Weary. It was the only word I could think of to describe my heart. I consider myself a pretty strong person, and I honestly do not take for granted the blessings I have been given, but I am still weary at the end of this year. And as soon as I said the word out loud my mind began to sing … the weary world rejoices. I smiled at the spark as more of the lyrics played in my head, and the more I sang, the more I was struck by what a timely picture this vintage Christmas carol paints.
As we come to the end of 2020, the world is weary, and this is the first world-wide weariness that I have experienced in my lifetime. I have heard the stories of generations before me who have collectively grieved or suffered with the entire world, but this is the first time that the idea of a weary world has touched an exposed nerve for me personally. And so I wondered, why was the world so weary when Mary was about to give birth to her miracle?
Around the time that baby Jesus would have been born, King Herod the Great had been ruling with terror and the unyielding surveillance of his people was his weapon of fear. When he died, many saw it as their opportunity to seize power. There was unrest, division, violence, and people clamoring for control. Tensions ran high and fighting was rampant, and Mary and Joseph would have been living right in the middle of this political, social, and religious strife. Long lay the world in sin and error pining … it was a time devoid of hope, deeply hurting, and desperately longing for peace and resolution. Oh, how profoundly I can empathize with Mary and her weary world that was pining for a Savior after a year like 2020.
I’ve often considered the reality of a young, exhausted, and laboring Mary, giving birth in a stable away from her family and home. But add to that the social and political unrest of a weary world and I am left in awe of what supernatural emotional strength Mary must have possessed on the night of our dear Savior’s birth.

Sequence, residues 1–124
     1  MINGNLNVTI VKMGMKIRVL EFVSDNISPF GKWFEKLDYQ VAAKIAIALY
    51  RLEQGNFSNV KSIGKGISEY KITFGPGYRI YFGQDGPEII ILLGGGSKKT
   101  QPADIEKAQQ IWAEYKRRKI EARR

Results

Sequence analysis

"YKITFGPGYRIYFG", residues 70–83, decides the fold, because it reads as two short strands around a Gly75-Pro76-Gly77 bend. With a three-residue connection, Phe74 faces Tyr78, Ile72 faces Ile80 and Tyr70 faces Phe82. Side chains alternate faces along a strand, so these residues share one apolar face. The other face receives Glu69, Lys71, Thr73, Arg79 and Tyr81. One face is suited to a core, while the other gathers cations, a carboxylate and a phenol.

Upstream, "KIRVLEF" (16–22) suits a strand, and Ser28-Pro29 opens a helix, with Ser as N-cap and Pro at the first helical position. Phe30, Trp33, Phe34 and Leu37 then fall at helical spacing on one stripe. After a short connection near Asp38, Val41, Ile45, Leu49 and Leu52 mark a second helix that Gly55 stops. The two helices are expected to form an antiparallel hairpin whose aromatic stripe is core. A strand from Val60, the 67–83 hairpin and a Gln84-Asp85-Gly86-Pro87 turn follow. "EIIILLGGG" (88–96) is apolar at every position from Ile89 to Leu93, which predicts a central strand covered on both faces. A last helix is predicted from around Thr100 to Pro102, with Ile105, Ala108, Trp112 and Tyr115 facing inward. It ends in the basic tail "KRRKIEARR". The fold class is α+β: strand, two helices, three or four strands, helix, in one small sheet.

Considering the state of the world that Mary was facing as a mother reminds me of the days and weeks after the 9/11 attack on our country. Like all of you, I recall with crystal clarity the moment the twin towers fell. I was 23 years old, and as newlyweds, my husband and I had recently been deep in consideration of when we should start our family. One of our closest friends had just announced they were pregnant. It would be the first baby in our group, but then this. Immediately, all of us who had been so excited just thinking about babies suddenly paused. Could we or should we bring kids into this broken world? The fear in our country was tangible, and in our conversations between girlfriends we honestly wondered how it would be possible to mother in a world filled with such terrorism and turmoil.
I can only imagine the thoughts in young Mary’s mind as her baby boy took his first breath on this tired and tumultuous earth, and yet the moment he arrived … a thrill of hope, the weary world rejoices.
Suddenly a great company of the heavenly host appeared with the angel, praising God and saying, “Glory to God in the highest heaven, and on earth peace to those on whom his favor rests.”
And just like that, in the blink of one precious and Heavenly little eye, everything changed … for yonder breaks a new and glorious morn. One moment darkness covered the weary world, but all that it took for darkness to fail was the tiniest ray of light. Hope had come, and, Praise God, hope is still alive through Jesus today!